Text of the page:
Statement in the Wake of the Derek Chauvin Verdict
Along with so many American citizens and institutions, The Jewish Theological Seminary, blessed as our community is with a broad diversity of students, faculty, and staff, received news of the verdicts in the trial of Derek Chauvin with complex emotions. One could not fail to see, in the faces and in the words of George Floyd’s bereaved family, how important justice is even to those who know it will not bring their loved one back to life. They know today that his voice has been heard, and that he indeed has changed the world. We express our gratitude that George Floyd’s family was spared yet another cruel blow. Barukh menahem aveilim—Blessed is the One who brings comfort to mourners.
We also note that the family could be spared this additional blow because of those who, with noble responsibility, responded to the imperative of justice: (1) fellow citizens—strangers—who, with their voices and cameras heeded the biblical exhortation, “Do not stand idly by the blood of your fellow human being”; (2) police officers who stood for the integrity and values of their badges and oaths by testifying to the unacceptability of the conduct that killed George Floyd; and (3) prosecutors who worked tirelessly within the law to produce a just conclusion. These people, of all ages, are inspirations.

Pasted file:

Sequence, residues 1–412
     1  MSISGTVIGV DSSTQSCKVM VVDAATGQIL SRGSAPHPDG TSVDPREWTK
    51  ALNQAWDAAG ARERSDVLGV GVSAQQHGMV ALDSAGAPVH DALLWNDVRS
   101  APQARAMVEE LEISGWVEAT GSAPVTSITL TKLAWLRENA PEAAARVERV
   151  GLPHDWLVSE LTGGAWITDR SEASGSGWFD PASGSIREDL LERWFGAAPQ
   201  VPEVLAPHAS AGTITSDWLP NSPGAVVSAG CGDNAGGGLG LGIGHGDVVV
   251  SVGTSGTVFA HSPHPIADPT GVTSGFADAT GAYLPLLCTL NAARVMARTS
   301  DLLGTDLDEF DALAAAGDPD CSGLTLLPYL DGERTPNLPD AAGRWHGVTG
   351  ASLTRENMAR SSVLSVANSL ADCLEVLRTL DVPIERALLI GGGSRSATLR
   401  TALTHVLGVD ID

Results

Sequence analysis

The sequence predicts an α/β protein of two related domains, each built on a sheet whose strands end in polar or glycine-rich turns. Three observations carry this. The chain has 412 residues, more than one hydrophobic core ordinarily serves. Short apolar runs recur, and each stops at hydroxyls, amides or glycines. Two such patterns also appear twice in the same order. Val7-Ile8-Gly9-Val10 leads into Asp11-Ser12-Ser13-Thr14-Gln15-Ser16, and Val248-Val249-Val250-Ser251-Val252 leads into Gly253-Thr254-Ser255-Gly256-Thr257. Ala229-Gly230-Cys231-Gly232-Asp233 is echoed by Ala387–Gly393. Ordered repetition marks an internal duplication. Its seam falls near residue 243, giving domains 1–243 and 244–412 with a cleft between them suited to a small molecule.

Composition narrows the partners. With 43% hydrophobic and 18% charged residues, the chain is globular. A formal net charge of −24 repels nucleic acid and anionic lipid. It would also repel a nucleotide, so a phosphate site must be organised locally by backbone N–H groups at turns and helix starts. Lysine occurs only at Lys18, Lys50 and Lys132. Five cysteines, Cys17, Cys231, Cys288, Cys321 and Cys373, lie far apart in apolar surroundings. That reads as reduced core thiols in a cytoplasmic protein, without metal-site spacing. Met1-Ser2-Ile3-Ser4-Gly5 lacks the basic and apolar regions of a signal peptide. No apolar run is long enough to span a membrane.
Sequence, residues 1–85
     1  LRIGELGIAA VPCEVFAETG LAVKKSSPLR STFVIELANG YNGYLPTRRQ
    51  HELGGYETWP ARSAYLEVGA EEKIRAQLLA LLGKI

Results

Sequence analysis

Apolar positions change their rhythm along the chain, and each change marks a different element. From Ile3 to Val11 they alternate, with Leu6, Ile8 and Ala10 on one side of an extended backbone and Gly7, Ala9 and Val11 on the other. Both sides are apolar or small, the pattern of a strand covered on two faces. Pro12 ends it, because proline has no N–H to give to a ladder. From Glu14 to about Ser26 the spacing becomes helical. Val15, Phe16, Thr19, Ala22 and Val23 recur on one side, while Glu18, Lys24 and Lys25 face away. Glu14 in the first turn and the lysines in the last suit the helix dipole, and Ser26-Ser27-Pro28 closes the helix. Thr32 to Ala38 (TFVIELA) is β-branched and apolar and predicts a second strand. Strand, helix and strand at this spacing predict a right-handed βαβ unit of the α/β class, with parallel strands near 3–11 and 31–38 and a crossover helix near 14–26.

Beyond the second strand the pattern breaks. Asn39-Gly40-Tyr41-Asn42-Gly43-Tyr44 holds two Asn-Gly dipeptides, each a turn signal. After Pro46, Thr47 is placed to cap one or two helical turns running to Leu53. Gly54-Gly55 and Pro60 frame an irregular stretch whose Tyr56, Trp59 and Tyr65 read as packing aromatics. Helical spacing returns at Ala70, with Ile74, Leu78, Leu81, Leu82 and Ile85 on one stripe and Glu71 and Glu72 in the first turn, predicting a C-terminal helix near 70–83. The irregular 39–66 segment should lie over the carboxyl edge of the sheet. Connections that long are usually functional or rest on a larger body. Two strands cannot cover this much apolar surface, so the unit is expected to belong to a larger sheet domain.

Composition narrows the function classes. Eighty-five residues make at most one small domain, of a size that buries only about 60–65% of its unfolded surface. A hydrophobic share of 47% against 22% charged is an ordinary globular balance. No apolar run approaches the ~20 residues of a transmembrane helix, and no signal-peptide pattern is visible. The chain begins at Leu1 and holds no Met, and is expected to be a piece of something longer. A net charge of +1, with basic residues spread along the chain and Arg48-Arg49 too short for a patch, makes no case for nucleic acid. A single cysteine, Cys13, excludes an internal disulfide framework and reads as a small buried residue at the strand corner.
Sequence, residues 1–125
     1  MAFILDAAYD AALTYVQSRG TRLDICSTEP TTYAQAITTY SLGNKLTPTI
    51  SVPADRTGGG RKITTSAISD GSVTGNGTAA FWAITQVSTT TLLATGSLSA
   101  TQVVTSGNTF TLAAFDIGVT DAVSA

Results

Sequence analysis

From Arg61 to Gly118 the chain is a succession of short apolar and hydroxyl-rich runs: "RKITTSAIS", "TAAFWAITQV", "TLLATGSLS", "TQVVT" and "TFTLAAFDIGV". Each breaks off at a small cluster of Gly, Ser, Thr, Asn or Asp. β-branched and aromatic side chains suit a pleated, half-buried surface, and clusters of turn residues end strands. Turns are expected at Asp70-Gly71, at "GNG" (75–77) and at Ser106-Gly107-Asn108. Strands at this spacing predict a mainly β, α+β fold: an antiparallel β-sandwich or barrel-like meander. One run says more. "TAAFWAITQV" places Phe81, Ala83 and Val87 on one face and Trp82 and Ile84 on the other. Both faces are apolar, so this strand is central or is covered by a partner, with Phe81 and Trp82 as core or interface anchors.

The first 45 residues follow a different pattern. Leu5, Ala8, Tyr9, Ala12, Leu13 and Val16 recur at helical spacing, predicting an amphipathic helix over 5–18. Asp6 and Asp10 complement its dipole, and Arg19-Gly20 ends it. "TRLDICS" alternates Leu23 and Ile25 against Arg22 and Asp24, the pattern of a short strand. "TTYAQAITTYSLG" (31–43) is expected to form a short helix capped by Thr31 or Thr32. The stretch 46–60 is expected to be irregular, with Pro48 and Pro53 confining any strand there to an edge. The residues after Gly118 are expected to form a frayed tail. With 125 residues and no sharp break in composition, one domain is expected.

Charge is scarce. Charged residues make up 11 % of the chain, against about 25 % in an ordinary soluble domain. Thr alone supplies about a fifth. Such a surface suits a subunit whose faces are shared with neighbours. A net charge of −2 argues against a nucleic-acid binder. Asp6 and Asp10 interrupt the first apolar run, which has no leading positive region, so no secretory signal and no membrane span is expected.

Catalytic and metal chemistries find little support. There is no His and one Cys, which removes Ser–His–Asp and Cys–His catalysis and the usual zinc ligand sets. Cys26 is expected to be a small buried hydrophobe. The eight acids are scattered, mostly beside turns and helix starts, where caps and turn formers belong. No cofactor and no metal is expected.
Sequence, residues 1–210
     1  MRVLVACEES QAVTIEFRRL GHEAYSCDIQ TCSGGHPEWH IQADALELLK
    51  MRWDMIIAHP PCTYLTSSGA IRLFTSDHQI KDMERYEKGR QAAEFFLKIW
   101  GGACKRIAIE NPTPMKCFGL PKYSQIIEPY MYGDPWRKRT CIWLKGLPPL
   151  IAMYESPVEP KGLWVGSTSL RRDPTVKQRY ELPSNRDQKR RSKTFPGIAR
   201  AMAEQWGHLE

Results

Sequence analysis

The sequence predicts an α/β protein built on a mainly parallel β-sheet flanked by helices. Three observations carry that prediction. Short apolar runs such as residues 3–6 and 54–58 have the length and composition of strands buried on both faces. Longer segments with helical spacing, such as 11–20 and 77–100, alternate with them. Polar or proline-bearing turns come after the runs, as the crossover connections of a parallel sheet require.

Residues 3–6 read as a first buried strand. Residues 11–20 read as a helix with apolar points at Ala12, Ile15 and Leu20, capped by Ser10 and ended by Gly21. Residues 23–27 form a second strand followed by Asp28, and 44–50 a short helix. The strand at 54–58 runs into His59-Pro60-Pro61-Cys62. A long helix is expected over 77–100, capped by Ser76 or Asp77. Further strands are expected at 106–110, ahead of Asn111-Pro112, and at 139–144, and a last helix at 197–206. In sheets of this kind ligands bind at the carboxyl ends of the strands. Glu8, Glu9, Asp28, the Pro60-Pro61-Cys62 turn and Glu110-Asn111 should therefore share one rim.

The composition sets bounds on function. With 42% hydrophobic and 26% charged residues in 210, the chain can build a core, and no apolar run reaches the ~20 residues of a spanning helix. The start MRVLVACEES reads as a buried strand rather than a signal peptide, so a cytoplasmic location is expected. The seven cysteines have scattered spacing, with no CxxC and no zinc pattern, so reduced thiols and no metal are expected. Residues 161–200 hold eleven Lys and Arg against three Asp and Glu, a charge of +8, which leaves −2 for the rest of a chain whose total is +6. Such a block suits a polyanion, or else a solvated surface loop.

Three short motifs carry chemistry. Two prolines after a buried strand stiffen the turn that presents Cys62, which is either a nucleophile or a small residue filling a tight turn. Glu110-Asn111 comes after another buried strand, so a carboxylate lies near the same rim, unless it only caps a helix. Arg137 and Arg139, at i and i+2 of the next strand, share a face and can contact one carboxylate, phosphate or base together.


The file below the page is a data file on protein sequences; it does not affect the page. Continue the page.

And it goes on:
And yet, at the same time, we know that the very need for this trial evidences a failure of justice on a much larger, and racially biased, scale. Day in and day out, Black Americans are the victims of racial profiling and aggressive conduct that put them at grave risk and cast a pall of fear over even their everyday activities. The fact that a fortuitously recorded and explicit video made a conviction all but inevitable in this case must not lead us to forget the hundreds of similar cases where no such evidence is at hand. This places an onus of moral duty on every American to act in every way possible to reverse the bitter fruits of racism. It was Abraham Joshua Heschel of JTS who wisely and famously said, in a conference on religion and race, that “an honest estimation of the moral state of our society will disclose: Some are guilty, but all are responsible.” We commit ourselves to continuing and expanding our work toward achieving racial justice and equity within our institution and the larger Jewish community, and throughout the country. We call on all Americans to join us in this urgent cause.